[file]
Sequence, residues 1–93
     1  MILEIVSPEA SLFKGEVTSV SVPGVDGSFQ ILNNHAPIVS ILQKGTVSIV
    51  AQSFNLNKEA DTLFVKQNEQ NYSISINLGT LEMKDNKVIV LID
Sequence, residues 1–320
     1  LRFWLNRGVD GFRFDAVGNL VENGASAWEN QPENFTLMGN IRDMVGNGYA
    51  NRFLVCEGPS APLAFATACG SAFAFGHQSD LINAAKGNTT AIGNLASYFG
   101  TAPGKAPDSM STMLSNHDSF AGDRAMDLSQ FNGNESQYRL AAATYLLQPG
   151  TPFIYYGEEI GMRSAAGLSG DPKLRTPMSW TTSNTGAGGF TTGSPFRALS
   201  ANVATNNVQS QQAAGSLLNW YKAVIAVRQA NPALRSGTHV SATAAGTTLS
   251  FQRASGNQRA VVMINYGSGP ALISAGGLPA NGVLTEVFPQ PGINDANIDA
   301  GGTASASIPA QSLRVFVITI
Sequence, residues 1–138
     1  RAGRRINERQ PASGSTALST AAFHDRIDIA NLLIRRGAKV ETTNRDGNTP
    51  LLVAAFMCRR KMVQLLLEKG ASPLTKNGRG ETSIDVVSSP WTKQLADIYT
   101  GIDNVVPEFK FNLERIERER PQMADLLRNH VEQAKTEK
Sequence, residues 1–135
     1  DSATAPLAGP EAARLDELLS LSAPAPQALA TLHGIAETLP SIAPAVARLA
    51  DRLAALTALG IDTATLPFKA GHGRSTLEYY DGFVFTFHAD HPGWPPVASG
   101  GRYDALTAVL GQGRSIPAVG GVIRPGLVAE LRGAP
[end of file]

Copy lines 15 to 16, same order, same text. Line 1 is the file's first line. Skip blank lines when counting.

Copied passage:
   101  GIDNVVPEFK FNLERIERER PQMADLLRNH VEQAKTEK
Sequence, residues 1–135